The other day I turned off a lamp by walking over and twisting the knob. I’m practically a pioneer!
I mean, honestly, who does that any more? Smart electronics controlled by voice and fairy magic — for all I know — are becoming the norm.
We live in a home built when electricity was new fangled and quite exciting — so exciting, in fact, that the original light fixtures on the second floor all featured a bare bulb; they wanted to show off that fancy electricity, naturally.
It’s been a minute since a light bulb was considered a technological wonder. That said, it’s still pretty exciting to be able to flip a switch and be bathed in light. I’m a fan of everything about electricity but the bills.
When light bulbs became heavily regulated a few years ago I wrote about how I simply did not understand all the levels of LED, warm versus cool lights, and why certain types turned my pretty sage green painted walls to a shade resembling elephant hide gray.
I also know that light bulbs went from costing something like a quarter apiece to somewhere between 10 and 100 dollars per bulb, or so it seemed. We were assured, however, that these pricier bulbs would last much longer and lower our electric bills. I have seen neither of those things happen.
Knowing that I was annoyed by the odd colors produced by modern bulbs, Boywonder gifted me a set of “smart” bulbs. These bulbs can be any shade from candlelight ambiance dim to spotlight bright. They range from warm to cool blue shades and even flash red, green, blue or otherwise for a fun party effect.
More importantly, you can talk to these bulbs. No more must we live like our ancestors and actually flip a switch. Oh no. I can simply say “Hey Google, turn on the lights!” and some of the time the lights actually come on.
These are connected to a “hub” in our house and work in ways I don’t understand. None of this was covered in the endless teaching of the hydrologic cycle I was taught in high school science.
Of course other times I have to repeat myself, growing ever louder and more stern until I sound like Google’s mom threatening to send Google to his room if he doesn’t “turn on the lights right this minute, Mister.” I’ve still grown very fond of yelling at various appliances and fixtures.
It should be noted that we only have “Yelly Bulbs” in the living room because we are trying to stay humble.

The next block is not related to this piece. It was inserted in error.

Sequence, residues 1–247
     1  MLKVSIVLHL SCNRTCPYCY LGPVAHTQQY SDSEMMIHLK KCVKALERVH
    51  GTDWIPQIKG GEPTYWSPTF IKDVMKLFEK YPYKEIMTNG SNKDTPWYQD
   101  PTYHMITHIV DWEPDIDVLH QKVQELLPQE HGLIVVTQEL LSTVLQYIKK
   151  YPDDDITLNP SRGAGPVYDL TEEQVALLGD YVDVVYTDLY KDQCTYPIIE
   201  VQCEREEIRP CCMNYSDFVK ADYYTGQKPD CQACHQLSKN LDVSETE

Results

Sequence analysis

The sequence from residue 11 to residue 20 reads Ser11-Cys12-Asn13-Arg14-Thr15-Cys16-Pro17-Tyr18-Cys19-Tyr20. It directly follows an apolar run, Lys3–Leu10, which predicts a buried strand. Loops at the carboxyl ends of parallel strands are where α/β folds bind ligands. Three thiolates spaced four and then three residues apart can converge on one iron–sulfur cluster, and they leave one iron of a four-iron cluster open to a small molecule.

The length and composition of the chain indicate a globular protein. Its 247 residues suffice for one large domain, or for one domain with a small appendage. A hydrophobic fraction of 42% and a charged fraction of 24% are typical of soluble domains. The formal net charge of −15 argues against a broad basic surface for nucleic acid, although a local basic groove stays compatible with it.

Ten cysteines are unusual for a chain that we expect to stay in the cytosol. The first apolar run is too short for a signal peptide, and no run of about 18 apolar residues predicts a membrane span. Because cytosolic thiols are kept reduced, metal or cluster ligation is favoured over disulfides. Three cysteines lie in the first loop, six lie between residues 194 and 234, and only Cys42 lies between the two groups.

Feeling positively futuristic, I went ahead and added smart electrical outlets to our arsenal of needlessly technological things. These are plugs that can also be trained to respond to voice commands.
I don’t do that yet because frankly, talking to a lamp just seems weird. I do set “schedules” on them though. I love these things.
After spending a few minutes (it’s 10, at least 10 minutes) each setting these up, I can schedule them to turn anything plugged into them on and off: lamps, wax tart burners that make the house smell good, a fan, etc.
I just love having an elaborate set of timers that turn things on and off. Need light by the coffee maker at 6 a.m. Set a lamp! Need that same lamp to shut off at sunrise and come back on again in the evening — set a timer!
How did we live without these? Did we just go around waiting for it to get dark and doing it by hand? Savages.
I was enjoying myself immensely, feeling very fancy and living like a Jetson until we had a little power outage. The power came back on but the smart plugs did not.
All the shouting in the world wasn’t getting through to our stuff. The lights simply weren’t listening.
I didn’t use the lamp by the sofa for nearly a week because I didn’t feel I had the time to rest the plug. Furthermore, I now walk into rooms that do not actually have voice-controlled technology and yell “Hey coffee maker … uh, never mind.”
It occurred to me as I was crawling on my hands and knees to retrieve a “smart plug” from behind the sofa so I could perform a fairly elaborate reset ritual, that I might be a slave to technology. If I can’t get my appliances to listen to me, who is really running the show?
I remember when people were smart and telephones were dumb. Today, that seems to have reversed. I may have a smart house but I’m still the same old stupid human.
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